• Y. Y. Chan

Happy Birthday, Dad!

It's my dad's birthday today - 2nd January. He would have been 65. He was still relatively young when he passed away and he had only just retired. We celebrated his last birthday in 2017. At the time, we didn't know that the cancer was spreading and thought that his surgery had been successful in removing all the cancer. The doctors said they would do a follow-up a few months later before deciding whether he would require further treatment, but they seemed quite certain that the surgery was curative. We all thought he was done with cancer. I even went on a trip to Japan with a friend the week before his birthday and arrived back home just in time to celebrate. I made sure I wouldn't miss it so we booked the return flight for the 1st. It wasn't because I knew it would be his last birthday, but I simply didn't want to miss it. I bought a green tea cake before boarding the plane. When I arrived home, I was excited to show him the cake along with the other goodies I had brought back.

We spent his birthday exploring a short hiking trail and came home for dinner and cake. It was a simple celebration - nothing too fancy. We always take photos together on birthdays though, so after dinner, we set up the table with all the goodies and took out the cake. Mum lit the candles and my brother set the timer on the camera and took a few family snaps. I did not have a habit of keeping a journal back then and I really wish I had so these precious moments could be even more vivid and memorable. I wish I could recall our conversations and what he had said. I'm grateful we got to spend that day all together as a family and captured the special moments in these photos. You never know when would be last one.

My dad was a really special person. For those who don't know him, I want to give a brief introduction about him to honour him on this day. He was loved and admired by so many people and I didn't realise just how much he had done and how many people's lives he had impacted until he passed. I hope that his legacy will live on for many more years to come.


Dad was a clinical psychologist who had served in various capacities in different institutes in Hong Kong and Australia. He worked at a private hospital in Brisbane for a few years before returning to Hong Kong as an associate professor at the Hong Kong Polytechnic University. He was also the President of the Hong Kong Professional Counselling Association, and the Hong Kong Psychological Society. He was the Director of the Network of Health & Welfare Studies at PolyU, and was on the Board of Directors for a number of schools and organisations. He even founded the Hong Kong Quality Mentorship Network. His work and research in mentoring is one of the most influential in Hong Kong, and continues to expand year after year to this day. He headed up several government-funded research projects as well, and had published research papers in journals worldwide. I did a Google search of his name and found many articles about his work and what he was involved in, some of which I had absolutely no idea about. He never told us much about his work or what he was involved in. On top of all these, he was a wonderful teacher and was respected by all his students and colleagues.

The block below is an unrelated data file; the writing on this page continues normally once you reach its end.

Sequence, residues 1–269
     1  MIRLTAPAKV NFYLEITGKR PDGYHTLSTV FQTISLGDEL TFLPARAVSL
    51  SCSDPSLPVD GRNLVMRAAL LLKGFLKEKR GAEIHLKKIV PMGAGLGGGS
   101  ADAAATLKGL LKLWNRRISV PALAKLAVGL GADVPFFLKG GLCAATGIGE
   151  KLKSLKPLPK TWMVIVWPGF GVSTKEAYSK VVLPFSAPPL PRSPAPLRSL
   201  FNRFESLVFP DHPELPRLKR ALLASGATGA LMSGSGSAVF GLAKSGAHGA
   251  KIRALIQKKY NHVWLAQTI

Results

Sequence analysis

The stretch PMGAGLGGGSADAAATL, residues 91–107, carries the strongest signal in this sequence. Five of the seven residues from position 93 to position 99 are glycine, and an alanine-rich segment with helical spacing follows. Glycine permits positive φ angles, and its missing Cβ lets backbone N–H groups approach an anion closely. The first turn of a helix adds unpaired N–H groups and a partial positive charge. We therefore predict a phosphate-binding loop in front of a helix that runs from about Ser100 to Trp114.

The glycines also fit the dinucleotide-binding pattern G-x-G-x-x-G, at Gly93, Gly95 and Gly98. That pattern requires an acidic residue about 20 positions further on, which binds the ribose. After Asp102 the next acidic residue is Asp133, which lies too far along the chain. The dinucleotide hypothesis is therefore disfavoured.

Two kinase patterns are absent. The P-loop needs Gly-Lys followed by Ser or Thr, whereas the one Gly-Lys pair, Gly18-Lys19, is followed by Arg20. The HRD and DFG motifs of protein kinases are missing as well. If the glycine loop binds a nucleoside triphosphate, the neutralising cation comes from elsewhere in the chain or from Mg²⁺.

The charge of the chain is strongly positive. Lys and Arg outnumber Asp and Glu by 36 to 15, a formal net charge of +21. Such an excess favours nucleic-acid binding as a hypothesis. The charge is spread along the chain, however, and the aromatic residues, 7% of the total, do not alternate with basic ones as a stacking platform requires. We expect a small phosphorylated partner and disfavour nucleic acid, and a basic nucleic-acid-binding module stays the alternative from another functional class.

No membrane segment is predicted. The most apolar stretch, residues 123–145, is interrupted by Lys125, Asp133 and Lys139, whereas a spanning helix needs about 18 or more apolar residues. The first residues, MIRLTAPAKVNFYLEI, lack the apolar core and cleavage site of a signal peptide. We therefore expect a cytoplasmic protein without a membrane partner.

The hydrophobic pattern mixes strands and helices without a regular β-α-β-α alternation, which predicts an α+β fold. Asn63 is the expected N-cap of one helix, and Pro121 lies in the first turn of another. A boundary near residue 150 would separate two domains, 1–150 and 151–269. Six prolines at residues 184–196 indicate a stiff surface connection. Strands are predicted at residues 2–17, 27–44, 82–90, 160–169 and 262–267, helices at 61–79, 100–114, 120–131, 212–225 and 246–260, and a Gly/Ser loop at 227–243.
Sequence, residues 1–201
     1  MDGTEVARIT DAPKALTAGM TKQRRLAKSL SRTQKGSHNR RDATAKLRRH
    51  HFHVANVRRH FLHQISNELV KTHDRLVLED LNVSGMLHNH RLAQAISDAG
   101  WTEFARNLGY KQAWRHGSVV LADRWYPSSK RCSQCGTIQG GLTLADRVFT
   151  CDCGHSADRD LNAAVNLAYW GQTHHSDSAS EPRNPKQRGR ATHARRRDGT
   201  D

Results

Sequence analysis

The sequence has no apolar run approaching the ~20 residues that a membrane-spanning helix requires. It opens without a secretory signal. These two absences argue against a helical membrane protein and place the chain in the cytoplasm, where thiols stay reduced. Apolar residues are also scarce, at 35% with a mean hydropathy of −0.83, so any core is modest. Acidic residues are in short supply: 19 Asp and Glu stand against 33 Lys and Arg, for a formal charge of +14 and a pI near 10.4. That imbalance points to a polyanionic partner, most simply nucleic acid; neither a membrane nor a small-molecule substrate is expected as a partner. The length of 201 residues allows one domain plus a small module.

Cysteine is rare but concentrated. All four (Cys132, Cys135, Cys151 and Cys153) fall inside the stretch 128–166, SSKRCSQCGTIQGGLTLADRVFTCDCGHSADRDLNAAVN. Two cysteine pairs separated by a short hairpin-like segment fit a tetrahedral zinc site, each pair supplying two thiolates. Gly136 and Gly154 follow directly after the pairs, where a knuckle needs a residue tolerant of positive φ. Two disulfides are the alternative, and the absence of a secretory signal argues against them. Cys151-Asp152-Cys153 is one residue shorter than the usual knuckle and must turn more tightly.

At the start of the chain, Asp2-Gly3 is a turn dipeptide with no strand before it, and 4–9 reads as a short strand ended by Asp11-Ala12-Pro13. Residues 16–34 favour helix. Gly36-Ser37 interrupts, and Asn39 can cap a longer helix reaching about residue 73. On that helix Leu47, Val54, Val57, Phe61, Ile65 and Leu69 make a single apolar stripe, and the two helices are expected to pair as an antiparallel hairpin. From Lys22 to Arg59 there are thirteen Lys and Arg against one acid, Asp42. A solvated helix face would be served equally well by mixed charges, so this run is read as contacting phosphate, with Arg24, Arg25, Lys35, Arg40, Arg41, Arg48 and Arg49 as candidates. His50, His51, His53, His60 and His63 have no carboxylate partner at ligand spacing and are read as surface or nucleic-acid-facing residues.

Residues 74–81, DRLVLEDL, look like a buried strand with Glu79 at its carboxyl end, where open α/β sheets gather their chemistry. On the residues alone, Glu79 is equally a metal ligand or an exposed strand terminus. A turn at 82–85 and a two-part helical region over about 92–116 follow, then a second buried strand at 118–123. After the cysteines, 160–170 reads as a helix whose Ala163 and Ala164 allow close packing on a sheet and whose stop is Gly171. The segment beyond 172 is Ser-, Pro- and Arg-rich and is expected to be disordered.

To me, my dad was just my dad, and I didn't see the man other people saw, not until he passed away. To me, he was a little goofy, always making silly jokes, I even thought he was a bit weird and strange! After he passed away, I came across some of his former students, and people he had helped and mentored - people I had never even met or heard of before. All these strangers were telling me about my dad and what he had done for them. I was in shock and in awe. The man I thought I knew as my father was only half of who he really was. I felt ashamed that I did not know this other half of him. He felt like a stranger to me. I learned more about him and connected with people who knew him after he passed away. It was nice to share stories about him with other people, but I wish I had known them and paid more attention to what he was doing when he was here.

My dad and I didn't have a perfect relationship, even though I love him very much. The last few years were a struggle as I started seeing a big change in his behaviour and mood. Looking back, I can completely understand why, but at that time, I felt frustrated and annoyed and even avoided spending time with him. I will forever regret those moments and decisions as I can never go back again.


Every year around this time was special for our family. Having Dad's birthday so close to Christmas often meant that he'd only get one present and his birthdays would just be a simple dinner with a birthday cake. I'm glad we kept the tradition of taking family photos for every birthday so we would have these moments captured and saved.


These days, I imagine and create new memories of us together in my head. I play conversations of what I would say to him and what he would say in response. It makes me feel so happy to spend time with him in this way. I know it's strange, but it's something that has helped me a lot to deal with the grief. Grief is also a big part of who I am now and I think it will stay with me forever. But it isn't something that is sad or depressing - not anymore. I actually find joy and peace in remembering and thinking about him on these special occasions.


I look forward to our time together today!


Happy Birthday, Dad! I hope you are having an awesome day with all the angels in Heaven!

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